Misusing sedatives or tranquilizers could lead to the future abuse of more dangerous substances, suggested a recent study by researchers from the University of Michigan School of Nursing’s Center for the Study of Drugs, Alcohol, Smoking and Health. The researchers analyzed national data of more than 35,000 American adults during their first one-year period, referred to as wave one. They analyzed the group that was misusing sedatives, including sleeping pills or tranquilizers like Valium, Xanax and muscle relaxers. They took a closer look at how many extra pills these people were consuming, for how longer than originally prescribed or did anyone consumed medicines meant for others. In their wave-two experiment, the researchers interviewed these people again three years later.
“Once you start using a potentially addictive medicine illegally, you’re at a substantially higher risk of using other substances, and this raises the risk of addiction,” said Carol Boyd, the lead author of the study. She said that the phenomenon was similar to that of the opioid painkiller epidemic. People are now staring at a similar predicament arising from prescribed sedatives and tranquilizers. Of late, a new trend has emerged in the United States wherein prescriptions for sedatives and tranquilizers have gone up drastically as suggested by this study findings, the researchers noted.
The study findings were both positive and negative. The study found a 76 percent markdown in the number of people misusing sedatives and tranquilizers after three years. However, it witnessed that 45 percent people who misused such drugs during wave one were struggling with substance use disorder in wave two. Such individuals had started abusing other harmful substances like alcohol, opioids and marijuana.
“Tranquilizers and sedatives are Schedule IV medications, which mean they are not believed to be as addictive as other drugs such as many opioids. For this reason, we should not be surprised that most misusers did not develop an ongoing tranquilizer or sedative addiction,” said Boyd. The cause of worry, according to Boyd, is the propensity of people — who abuse tranquilizers and sedatives — to use other dangerous substances due to this.
Some other salient features of study
The researchers made a few precise observations from their study of the two waves. They found that:
- Young adults between the ages 18-25 were at a higher risk of developing alcohol or drug problem later on.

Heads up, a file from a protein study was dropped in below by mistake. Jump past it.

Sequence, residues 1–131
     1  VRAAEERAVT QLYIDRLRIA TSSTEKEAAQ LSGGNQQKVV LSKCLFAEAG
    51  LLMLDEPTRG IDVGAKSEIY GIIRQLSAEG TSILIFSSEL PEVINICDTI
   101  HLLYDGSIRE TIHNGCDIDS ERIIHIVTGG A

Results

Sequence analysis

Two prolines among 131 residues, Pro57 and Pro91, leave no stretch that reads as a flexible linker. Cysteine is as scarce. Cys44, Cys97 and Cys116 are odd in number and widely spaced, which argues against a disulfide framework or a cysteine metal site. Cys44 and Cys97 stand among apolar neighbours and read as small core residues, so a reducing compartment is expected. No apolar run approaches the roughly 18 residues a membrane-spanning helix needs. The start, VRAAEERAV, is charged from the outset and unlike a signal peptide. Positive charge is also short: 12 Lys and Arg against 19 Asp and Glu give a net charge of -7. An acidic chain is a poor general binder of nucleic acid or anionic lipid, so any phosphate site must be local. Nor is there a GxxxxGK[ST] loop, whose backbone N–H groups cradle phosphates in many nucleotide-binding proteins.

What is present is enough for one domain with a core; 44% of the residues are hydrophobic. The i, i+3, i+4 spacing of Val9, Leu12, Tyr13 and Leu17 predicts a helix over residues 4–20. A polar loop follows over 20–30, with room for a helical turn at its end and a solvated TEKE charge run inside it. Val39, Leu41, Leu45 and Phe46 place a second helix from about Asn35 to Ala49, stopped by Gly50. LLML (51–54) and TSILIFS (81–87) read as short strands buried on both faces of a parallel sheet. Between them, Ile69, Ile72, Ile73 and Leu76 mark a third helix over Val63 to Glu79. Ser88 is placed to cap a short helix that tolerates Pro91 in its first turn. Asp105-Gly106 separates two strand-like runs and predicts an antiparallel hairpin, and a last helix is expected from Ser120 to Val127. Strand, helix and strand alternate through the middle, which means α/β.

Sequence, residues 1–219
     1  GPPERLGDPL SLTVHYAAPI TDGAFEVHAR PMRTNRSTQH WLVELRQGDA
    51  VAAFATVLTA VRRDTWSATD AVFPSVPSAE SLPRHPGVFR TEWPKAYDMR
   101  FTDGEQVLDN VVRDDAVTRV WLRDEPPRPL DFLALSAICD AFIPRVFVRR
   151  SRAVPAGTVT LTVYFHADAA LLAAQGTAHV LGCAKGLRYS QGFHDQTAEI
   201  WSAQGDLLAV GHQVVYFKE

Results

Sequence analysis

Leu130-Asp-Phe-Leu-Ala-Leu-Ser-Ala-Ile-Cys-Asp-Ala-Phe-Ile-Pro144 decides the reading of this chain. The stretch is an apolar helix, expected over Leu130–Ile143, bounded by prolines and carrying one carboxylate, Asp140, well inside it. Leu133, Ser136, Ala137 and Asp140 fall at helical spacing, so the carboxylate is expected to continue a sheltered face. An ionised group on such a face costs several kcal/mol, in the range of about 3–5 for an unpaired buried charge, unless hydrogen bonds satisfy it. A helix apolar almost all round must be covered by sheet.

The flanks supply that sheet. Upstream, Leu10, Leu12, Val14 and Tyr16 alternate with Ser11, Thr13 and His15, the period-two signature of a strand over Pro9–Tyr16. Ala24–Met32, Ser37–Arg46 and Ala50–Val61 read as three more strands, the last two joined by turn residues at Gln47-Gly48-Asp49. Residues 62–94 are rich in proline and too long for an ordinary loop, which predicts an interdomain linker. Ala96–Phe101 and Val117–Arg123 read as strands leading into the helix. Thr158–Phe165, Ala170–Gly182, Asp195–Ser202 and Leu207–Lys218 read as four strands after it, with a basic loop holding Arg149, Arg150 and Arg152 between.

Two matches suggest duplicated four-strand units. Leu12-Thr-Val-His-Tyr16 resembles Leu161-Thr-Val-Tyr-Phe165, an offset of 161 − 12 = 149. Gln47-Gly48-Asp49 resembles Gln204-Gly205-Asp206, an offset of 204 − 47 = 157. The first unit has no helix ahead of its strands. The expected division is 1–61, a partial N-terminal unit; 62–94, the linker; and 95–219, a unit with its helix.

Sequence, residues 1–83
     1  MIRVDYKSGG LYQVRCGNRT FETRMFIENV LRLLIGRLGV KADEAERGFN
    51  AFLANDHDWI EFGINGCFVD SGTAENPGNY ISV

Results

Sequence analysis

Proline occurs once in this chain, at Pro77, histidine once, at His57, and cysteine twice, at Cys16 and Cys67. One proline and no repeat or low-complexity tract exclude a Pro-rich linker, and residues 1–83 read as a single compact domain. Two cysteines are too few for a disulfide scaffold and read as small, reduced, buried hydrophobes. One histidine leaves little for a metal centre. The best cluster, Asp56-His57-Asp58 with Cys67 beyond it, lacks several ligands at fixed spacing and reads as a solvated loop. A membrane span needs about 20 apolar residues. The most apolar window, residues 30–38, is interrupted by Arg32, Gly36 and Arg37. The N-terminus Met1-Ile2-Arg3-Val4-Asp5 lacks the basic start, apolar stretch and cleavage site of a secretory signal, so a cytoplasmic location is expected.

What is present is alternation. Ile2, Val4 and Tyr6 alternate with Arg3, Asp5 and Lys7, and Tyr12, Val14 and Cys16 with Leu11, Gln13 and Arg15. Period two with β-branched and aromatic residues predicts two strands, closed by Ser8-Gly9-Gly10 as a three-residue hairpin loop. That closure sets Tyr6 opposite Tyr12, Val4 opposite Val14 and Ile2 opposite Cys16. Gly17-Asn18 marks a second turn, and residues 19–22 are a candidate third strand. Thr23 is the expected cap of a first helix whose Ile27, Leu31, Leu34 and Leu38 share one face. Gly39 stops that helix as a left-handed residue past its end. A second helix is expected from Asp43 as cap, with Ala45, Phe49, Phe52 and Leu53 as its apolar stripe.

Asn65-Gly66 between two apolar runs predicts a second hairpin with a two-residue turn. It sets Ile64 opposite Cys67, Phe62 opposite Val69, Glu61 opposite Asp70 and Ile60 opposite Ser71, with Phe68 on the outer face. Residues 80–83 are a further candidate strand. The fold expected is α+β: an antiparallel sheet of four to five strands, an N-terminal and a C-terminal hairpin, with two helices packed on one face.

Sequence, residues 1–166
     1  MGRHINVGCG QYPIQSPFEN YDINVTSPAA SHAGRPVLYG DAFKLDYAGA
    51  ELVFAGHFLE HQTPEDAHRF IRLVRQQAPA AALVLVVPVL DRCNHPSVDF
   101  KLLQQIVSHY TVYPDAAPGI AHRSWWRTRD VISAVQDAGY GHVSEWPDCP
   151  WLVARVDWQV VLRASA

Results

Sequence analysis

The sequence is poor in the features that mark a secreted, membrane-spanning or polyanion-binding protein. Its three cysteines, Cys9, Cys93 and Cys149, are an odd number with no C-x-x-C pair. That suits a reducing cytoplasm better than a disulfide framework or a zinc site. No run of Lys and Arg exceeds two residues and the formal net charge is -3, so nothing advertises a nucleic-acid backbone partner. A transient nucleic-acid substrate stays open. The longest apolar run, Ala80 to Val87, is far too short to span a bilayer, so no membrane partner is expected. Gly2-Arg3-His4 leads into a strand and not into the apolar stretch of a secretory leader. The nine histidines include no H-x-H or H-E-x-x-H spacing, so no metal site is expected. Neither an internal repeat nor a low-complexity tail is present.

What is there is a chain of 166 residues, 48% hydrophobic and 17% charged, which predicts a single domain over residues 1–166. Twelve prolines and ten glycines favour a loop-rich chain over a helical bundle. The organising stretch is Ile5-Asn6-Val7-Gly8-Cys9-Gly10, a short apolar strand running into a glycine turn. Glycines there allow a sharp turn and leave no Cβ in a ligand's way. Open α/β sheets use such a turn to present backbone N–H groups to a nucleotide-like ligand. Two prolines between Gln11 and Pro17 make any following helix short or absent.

- Among the people from this age group who misused sedatives and tranquilizers in wave one, 60 percent women and 67 percent men developed substance use disorder after three years.
- Men were more prone to develop additional substance use disorder than women.
The researchers were also wary of the condition that people who misused one substance, be it sedatives or tranquilizers, were also involved in the abuse of some other drug. The researchers are hopeful that the findings would help prevent and treat substance abuse among people. The clinicians should have fresh training on this to form a different perspective, feels Boyd. For a nation that is reeling under a sweeping epidemic triggered by opioid abuse, findings of the study should come as a wake-up call for thousands of Americans who are currently in the habit of misusing such drugs.
Seeking treatment for addiction
Clinicians should inform patients of the potential danger of misusing sedatives and tranquilizers. For someone who is currently struggling with a drug addiction, help is available in the form of treatment at a credible rehab. Drug addiction treatment generally comprises a comprehensive therapeutic strategy that includes medically supervised detox, followed by behavioral therapies. Detoxification helps a person addicted to any harmful substance assuage withdrawal symptoms and get prepared for subsequent course of treatment.
If you have a loved one grappling with an addiction, encourage him/her to seek immediate assistance from a treatment center in your vicinity. Based out of San Clemente, Sovereign Health is a leading substance abuse treatment provider with evidence-based programs for patients. Whether you are looking for detox treatment centers in California or any other place, call our 24/7 helpline number for more details. Our treatment for detox in California is among the most sought-after in the country.